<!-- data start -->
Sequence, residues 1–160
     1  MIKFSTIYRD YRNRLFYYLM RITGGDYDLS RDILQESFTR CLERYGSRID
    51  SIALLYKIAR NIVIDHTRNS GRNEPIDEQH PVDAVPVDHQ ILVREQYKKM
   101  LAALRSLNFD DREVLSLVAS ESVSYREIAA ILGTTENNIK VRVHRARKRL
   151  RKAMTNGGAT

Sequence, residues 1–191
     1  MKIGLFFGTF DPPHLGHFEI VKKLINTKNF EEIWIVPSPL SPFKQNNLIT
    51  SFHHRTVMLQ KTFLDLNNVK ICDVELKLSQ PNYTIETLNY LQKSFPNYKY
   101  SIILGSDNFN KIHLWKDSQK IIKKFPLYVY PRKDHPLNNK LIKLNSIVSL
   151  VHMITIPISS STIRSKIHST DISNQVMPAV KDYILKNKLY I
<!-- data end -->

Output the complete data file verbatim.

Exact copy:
Sequence, residues 1–160
     1  MIKFSTIYRD YRNRLFYYLM RITGGDYDLS RDILQESFTR CLERYGSRID
    51  SIALLYKIAR NIVIDHTRNS GRNEPIDEQH PVDAVPVDHQ ILVREQYKKM
   101  LAALRSLNFD DREVLSLVAS ESVSYREIAA ILGTTENNIK VRVHRARKRL
   151  RKAMTNGGAT

Sequence, residues 1–191
     1  MKIGLFFGTF DPPHLGHFEI VKKLINTKNF EEIWIVPSPL SPFKQNNLIT
    51  SFHHRTVMLQ KTFLDLNNVK ICDVELKLSQ PNYTIETLNY LQKSFPNYKY
   101  SIILGSDNFN KIHLWKDSQK IIKKFPLYVY PRKDHPLNNK LIKLNSIVSL
   151  VHMITIPISS STIRSKIHST DISNQVMPAV KDYILKNKLY I